David Prosser: If crowd-funding platforms get ISA status the banks may finally have to take notice on lending
Crowd-funding platforms that raise money for small businesses could get a massive shot in the arm in April under plans by the Treasury to enable them to offer greater tax efficiency.
Representatives of the crowd-funding industry have begun talks over enabling savers to hold investments made through the platforms within tax-free individual savings accounts. If agreement can be reached ahead of the Budget in March, crowd-funding investments could become permissible ISA holdings from the beginning of the 2014-15 tax year.
The concession represents a huge opportunity for the crowd-funding industry, which thinks ISA status would massively increase demand from investors. The benefit would partly come from the increased returns savers would be able to earn from such platforms – income and gains are currently taxable – but also because it would effectively represent an official seal of approval for what remains a relative innovation in financial services.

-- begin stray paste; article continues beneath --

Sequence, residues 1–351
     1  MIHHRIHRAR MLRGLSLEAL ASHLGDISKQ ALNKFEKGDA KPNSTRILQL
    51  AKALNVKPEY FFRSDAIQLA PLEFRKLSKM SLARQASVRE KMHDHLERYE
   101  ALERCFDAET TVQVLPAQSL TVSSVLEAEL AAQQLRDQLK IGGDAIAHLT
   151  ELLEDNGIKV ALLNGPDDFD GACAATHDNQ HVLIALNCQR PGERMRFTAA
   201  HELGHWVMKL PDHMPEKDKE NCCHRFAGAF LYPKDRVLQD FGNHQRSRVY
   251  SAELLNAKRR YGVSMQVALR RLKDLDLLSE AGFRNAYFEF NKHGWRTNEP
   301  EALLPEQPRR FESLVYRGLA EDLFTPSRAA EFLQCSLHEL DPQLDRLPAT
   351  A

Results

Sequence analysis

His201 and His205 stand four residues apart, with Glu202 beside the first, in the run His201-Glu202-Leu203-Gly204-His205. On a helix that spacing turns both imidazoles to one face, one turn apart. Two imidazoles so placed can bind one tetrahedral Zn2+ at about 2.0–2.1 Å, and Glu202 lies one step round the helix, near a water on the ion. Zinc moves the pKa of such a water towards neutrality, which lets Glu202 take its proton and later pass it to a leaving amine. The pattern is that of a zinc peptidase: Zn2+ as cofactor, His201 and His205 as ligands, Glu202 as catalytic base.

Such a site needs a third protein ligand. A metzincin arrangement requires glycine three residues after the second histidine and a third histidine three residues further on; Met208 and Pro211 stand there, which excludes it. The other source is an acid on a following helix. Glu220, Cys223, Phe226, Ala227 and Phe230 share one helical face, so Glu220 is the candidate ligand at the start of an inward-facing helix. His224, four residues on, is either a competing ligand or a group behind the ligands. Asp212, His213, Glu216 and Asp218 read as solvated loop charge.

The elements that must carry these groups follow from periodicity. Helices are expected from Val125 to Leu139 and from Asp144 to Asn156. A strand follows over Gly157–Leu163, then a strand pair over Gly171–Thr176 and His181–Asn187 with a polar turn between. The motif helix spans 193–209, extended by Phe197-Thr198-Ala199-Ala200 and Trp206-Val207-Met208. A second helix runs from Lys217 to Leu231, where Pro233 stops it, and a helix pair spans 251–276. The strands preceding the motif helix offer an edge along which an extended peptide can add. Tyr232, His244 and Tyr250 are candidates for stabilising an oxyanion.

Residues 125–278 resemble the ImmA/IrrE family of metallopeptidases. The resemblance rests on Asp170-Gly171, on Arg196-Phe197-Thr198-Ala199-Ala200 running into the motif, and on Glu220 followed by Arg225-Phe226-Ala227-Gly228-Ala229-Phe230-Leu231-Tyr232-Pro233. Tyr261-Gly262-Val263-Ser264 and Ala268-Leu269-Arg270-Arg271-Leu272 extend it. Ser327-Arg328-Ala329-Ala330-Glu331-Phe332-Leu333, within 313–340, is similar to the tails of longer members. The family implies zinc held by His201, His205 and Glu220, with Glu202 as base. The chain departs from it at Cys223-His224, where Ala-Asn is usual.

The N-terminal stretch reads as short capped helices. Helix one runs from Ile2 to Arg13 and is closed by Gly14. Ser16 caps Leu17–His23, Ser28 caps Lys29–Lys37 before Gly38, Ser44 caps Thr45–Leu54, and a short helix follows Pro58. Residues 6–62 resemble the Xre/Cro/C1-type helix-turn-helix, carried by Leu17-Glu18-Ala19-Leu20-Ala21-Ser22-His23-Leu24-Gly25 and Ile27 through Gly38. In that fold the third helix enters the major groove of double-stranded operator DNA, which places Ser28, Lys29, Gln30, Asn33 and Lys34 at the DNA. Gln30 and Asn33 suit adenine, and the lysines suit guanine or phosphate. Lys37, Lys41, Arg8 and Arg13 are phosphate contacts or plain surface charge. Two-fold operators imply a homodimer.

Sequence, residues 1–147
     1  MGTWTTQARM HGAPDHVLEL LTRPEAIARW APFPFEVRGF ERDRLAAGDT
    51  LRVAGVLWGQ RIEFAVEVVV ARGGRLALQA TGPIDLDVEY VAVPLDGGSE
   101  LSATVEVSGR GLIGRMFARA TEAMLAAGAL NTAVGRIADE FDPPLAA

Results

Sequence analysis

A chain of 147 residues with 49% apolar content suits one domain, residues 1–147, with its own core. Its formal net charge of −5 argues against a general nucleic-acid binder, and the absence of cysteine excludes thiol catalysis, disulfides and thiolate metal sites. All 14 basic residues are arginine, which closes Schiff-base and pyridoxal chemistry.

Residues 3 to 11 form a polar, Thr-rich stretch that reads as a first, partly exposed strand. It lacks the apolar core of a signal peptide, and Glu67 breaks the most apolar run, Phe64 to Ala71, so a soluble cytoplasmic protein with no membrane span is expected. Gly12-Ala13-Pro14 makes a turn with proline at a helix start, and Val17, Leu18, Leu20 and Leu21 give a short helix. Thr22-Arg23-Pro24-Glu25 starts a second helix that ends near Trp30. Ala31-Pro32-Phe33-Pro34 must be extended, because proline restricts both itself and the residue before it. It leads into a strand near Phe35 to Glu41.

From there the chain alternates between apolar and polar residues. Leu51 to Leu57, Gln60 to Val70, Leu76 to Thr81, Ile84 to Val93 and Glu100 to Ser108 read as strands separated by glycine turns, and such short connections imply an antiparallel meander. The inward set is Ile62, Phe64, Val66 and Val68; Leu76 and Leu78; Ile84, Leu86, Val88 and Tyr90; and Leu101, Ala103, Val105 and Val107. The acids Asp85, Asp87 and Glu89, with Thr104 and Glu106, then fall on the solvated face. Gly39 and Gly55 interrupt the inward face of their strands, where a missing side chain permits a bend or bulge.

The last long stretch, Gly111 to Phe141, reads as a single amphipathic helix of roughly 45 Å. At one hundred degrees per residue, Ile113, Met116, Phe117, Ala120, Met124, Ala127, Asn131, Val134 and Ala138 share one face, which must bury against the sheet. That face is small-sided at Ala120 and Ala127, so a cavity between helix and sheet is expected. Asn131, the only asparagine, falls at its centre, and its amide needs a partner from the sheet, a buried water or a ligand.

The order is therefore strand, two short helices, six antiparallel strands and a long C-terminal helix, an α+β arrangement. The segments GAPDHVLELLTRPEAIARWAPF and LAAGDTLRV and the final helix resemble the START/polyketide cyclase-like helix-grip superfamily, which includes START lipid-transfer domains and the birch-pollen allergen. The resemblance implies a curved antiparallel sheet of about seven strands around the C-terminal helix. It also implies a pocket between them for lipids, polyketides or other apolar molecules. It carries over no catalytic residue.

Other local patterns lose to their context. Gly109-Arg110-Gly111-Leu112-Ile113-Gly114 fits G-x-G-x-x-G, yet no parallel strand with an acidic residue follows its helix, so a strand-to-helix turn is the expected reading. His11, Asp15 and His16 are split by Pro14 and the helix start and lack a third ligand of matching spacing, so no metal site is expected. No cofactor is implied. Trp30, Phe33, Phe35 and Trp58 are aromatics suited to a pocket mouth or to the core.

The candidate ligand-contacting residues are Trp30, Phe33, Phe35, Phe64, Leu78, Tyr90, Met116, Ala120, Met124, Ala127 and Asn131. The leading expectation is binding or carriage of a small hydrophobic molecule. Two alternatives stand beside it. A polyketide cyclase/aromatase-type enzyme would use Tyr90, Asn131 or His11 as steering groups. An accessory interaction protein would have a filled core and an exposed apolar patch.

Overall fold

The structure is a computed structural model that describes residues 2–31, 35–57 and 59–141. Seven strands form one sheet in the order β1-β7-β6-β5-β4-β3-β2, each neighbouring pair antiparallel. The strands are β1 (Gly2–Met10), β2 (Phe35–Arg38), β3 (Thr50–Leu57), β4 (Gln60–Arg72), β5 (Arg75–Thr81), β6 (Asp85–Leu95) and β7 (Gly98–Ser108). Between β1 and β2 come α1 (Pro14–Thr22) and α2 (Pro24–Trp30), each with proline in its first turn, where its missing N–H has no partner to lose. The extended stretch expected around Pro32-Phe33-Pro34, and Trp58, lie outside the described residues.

From the Treasury's perspective, extending ISA status to crowd-funding sites would be another plank in its strategy to boost the availability of funding to small businesses that continue to find it difficult to raise finance from the banking system. It would also send a clear signal to the banks that ministers' frustration is mounting.
That concern will have been amplified by yesterday's figures from the Bank of England, which revealed a larger-than-expected fall in bank lending to small businesses during December. Ministers have also been stung by criticism from the Public Accounts Committee, which warned that government efforts to boost small business funding have been frustrated by a lack of departmental co-ordination.
Nevertheless, some important barriers remain to giving crowd-funding sites ISA status. Not least, the Financial Conduct Authority is still working on the final detail of how it intends to regulate the sector, amid concerns some savers and investors do not understand how the platforms work.